Lee: There’s another thing we didn’t go over that maybe  would be of interest to people and I think I put those in a thing I wrote up that you might put up in your website, and that’s how much clenching did people do at night, and the answer is that people who experience pain from their clenching typically do between 15 seconds and 300 seconds of what I called damaging clenching per night. And damaging clenching is the part of any clench that lasts longer than 2 seconds. So if I did four second clenches then each one of those clenches would have lasted 2 seconds beyond the first 2 seconds which is the non-damaging part. So I would’ve done a total of 8 seconds of damaging clenching in that case. So like I was saying at the… at the beginning of this interview, the initial part of the clench… the . thixotropic tissue is acting like a rubber shield…

Lee: …and it’s protecting you. It’s part of the clench that comes after the first 2 seconds that’s really the problem. So the total amount of damaging clenching that somebody who experienced pain typically does is somewhere between 15 seconds in a night and 300 seconds in a night.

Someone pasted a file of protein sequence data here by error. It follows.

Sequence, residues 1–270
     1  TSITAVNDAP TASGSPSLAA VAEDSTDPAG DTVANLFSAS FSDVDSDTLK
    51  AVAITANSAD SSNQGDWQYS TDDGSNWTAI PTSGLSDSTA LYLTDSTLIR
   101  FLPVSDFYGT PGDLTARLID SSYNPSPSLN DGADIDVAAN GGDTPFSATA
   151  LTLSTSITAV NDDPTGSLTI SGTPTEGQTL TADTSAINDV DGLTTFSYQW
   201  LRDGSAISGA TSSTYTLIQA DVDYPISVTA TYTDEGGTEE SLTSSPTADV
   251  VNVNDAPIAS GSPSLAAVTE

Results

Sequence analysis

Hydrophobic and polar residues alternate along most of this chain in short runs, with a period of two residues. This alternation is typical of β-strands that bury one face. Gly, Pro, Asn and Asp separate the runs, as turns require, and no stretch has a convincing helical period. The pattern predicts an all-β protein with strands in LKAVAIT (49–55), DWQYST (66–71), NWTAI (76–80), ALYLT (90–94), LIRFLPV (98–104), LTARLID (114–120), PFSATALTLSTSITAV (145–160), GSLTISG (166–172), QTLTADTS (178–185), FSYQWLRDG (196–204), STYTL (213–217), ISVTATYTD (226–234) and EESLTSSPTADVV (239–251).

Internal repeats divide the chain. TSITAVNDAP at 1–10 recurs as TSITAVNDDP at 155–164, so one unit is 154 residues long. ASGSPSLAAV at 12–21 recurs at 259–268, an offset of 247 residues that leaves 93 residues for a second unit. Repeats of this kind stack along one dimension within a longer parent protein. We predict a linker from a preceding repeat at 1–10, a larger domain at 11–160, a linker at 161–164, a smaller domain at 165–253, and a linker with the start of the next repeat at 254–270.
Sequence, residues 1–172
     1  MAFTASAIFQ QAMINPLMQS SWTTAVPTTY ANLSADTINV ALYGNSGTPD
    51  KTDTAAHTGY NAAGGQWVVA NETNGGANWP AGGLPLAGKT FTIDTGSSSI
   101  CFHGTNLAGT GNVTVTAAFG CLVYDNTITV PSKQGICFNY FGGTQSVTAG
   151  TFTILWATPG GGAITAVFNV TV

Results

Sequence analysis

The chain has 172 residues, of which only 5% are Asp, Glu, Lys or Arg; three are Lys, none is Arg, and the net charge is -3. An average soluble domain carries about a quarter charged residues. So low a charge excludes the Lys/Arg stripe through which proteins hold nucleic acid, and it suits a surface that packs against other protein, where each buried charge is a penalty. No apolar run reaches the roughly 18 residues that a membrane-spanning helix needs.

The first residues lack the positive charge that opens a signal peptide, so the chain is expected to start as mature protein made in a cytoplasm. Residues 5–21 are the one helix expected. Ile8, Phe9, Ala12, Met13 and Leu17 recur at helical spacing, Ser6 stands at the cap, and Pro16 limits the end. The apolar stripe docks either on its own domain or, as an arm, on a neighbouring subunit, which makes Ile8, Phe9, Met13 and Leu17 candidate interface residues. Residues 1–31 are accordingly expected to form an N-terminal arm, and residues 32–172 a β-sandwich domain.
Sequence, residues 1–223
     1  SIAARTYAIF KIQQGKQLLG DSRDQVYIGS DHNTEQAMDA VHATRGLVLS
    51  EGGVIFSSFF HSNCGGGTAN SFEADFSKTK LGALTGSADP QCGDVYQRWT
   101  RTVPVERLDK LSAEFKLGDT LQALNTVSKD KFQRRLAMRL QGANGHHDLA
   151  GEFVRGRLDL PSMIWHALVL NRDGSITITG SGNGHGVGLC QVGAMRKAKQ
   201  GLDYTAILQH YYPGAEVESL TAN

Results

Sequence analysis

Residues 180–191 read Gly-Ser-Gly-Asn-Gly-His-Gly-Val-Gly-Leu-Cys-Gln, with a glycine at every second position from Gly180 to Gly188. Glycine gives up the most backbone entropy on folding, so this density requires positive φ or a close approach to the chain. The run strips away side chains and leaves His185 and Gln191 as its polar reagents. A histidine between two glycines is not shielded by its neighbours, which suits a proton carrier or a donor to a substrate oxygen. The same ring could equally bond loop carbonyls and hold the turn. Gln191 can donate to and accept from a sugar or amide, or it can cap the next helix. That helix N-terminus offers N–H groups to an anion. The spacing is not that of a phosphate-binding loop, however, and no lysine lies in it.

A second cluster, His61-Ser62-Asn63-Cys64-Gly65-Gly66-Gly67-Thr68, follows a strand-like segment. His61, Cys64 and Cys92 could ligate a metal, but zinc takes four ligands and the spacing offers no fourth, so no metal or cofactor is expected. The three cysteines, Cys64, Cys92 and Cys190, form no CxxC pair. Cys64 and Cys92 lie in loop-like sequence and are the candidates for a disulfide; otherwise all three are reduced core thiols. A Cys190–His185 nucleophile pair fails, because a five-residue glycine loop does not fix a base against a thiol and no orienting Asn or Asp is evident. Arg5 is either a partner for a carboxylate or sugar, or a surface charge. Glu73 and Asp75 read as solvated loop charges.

Stacy: Wow!

Lee: And the people that are up at 300 seconds, they’ve lost multiple teeth, they are in extreme pain and they’re living with migraines all the time and it’s like this wide spectrum.

Stacy: Ha! Interesting. I think that’s a lot of really good information and will definitely  help people. So, thank you for that.

Lee: You’re welcome.

Stacy: What is your website? So people can visit it.

Lee: Oh! It’s  Stopgrinding.com

Stacy: Well, thank you Lee.

Lee: My pleasure

About The Author

Candy

Candy is the community manager for TMJ Hope. She is the official ‘take care of people’ person, content writer, and Stacy wrangler (the hardest job so far!). As the parent of a child with TMJD, Candy has a unique perspective on the daily struggles of not just TMJD patients, but of their families and caregivers, too.